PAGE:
His only cost was some of his time, and he made us feel special. It begs the question; are we able to see the potential beyond today in everyone we have transactions with? Would it change the way we speak to them, treat them and our beliefs about them? Would it change our world?

The greatest investment we can make is in the life of another person. Strong people stand up for themselves, but stronger people stand up for others.

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If you build it.....

Field of Dreams is a magical film and is certainly one of my all-time favourites. The concept of baseball players from times past coming together to play ‘the game’ in a farmer’s field of corn captured the imagination of the world when it first came out. 

Tonight, as I watched it again, I drew more from the underlying theme of restoration in the film. What if you got the opportunity to apologise to your dad, make up with a lost love or make right with somebody you hurt is something everyone longs for I am sure? 

I met a barman who told me a story of regret about his own dad whom he had a broken relationship with. As his life unravelled over the counter he told me a tale of abuse from the bottle and words that had cut him deep over time. He was in no mood to offer forgiveness or even connect despite the fact that his dad was offering to give him half of a significant lottery win. My advice to him was regardless of the cash, go see him, he is your dad and you are his son. You have that in common. It is never too late to make things right…..

If you have the opportunity to mend a broken place in your life, do it!

If you build it he will come…..

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I was in my mid thirty’s and I was acting CEO for 18 months in a difficult time for the company.

The business had lost a major supplier which was going to lower our turnover significantly. As a consequence of this I was heading into a meeting with one of our suppliers with one of our product management team to let them know we were still in a strong trading position. I recall walking into the meeting with Rebecca as she turned to me and asked me a question….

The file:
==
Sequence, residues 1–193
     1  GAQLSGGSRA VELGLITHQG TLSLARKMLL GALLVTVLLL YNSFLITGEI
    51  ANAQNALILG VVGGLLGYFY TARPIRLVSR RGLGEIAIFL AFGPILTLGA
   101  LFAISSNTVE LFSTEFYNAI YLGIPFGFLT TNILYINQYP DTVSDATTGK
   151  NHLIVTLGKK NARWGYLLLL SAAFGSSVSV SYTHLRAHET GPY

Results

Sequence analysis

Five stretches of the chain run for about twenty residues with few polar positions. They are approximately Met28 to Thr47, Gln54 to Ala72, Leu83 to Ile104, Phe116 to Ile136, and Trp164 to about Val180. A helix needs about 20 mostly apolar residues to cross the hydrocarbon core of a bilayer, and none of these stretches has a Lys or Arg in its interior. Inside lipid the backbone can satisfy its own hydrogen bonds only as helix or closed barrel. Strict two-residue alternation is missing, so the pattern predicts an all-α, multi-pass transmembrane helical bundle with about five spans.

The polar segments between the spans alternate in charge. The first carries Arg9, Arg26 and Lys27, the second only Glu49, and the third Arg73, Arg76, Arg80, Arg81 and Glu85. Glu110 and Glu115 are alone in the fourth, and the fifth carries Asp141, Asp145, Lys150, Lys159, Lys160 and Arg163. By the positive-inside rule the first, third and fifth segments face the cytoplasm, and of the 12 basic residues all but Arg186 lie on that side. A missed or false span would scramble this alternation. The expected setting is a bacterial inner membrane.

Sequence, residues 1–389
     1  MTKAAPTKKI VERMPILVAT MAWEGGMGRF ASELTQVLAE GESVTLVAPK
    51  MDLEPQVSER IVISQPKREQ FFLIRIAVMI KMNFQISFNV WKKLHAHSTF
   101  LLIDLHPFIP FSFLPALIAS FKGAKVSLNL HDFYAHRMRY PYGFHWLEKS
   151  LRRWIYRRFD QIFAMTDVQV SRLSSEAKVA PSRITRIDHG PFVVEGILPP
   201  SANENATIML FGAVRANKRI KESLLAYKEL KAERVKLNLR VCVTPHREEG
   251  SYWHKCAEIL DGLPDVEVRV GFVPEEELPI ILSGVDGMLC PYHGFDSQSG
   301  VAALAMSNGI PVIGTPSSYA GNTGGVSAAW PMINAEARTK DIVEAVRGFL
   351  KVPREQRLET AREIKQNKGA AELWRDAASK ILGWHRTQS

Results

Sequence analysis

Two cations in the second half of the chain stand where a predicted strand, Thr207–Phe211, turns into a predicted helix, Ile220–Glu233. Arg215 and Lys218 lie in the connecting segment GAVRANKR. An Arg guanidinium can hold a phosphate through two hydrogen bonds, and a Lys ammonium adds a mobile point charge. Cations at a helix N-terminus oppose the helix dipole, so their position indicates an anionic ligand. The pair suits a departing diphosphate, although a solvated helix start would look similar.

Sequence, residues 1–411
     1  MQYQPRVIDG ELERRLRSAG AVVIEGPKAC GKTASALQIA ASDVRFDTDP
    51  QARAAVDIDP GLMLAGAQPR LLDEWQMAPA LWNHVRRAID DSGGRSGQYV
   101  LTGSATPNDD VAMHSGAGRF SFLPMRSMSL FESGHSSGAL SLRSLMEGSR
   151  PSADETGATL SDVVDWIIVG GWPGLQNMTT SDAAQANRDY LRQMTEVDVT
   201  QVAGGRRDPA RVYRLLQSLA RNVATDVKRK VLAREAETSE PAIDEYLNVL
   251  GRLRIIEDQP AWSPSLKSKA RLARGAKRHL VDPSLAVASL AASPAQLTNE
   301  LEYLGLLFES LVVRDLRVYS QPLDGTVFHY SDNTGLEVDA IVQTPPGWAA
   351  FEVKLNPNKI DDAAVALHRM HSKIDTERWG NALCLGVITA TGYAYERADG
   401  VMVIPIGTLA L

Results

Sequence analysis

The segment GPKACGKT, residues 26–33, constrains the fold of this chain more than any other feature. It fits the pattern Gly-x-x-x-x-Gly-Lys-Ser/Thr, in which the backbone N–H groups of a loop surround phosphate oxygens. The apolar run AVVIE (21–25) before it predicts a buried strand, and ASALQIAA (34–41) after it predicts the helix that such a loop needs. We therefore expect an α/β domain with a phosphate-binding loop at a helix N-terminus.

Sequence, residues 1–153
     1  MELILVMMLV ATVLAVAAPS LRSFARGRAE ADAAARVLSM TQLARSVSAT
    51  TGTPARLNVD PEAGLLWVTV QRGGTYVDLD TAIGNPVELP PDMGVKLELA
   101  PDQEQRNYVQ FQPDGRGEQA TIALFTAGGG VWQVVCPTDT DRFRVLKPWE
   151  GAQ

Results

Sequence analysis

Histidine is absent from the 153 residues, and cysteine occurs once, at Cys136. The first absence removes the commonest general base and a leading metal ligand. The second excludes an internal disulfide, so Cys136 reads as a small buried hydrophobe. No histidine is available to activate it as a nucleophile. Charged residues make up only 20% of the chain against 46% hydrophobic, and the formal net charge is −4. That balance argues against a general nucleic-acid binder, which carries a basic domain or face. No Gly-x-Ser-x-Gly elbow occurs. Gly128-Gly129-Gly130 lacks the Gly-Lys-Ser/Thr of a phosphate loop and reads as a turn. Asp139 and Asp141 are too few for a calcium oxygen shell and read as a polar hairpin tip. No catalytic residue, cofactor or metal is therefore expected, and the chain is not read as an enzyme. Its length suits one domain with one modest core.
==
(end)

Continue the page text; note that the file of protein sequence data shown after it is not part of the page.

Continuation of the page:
“What do you think we should say to them Andrew”?
I turned to her and said, “I don’t know, what do you think we should say”? (because I really didn’t have any idea what we should say being new to this business)
She said, “I think we should say this”….and so that became our plan and it was a really successful meeting.

Years later Rebecca came to me and said "you remember that meeting we went into Andrew where you asked me what we should say"? I responded with a really clear yes. She said to me that was the most empowering thing anyone has ever done for me in my working life because I was able to decide for myself and you gave me confidence.

It reminded me that as leaders we don’t always need to ‘lead’ or ‘be in control’ of situations. Allowing everyone to succeed and fail on their own at times is one of life’s greatest lessons.


A life lesson at the traffic lights

I was driving along a busy road in Auckland and pulled up to an intersection where a traffic light that had just turned red. I had a good friend of mine in the car and I let out an audible growl when I saw the light turn red. He looked at me and said “a bit stressed there are you Hogman” and I replied yeah, I am. He said “did you want to get through that light and now you feel stuck” and My answer was again a resounding YES.

Then he looked at me and asked the weirdest question. He said “what if the traffic light was actually speaking to you”? 

At this point I looked at him with the you’re crazy look. “What if the traffic light was giving you an opportunity to reconsider your journey”? “You may want to turn left, you may want to go right or you may want to turn around and go back the way you came”?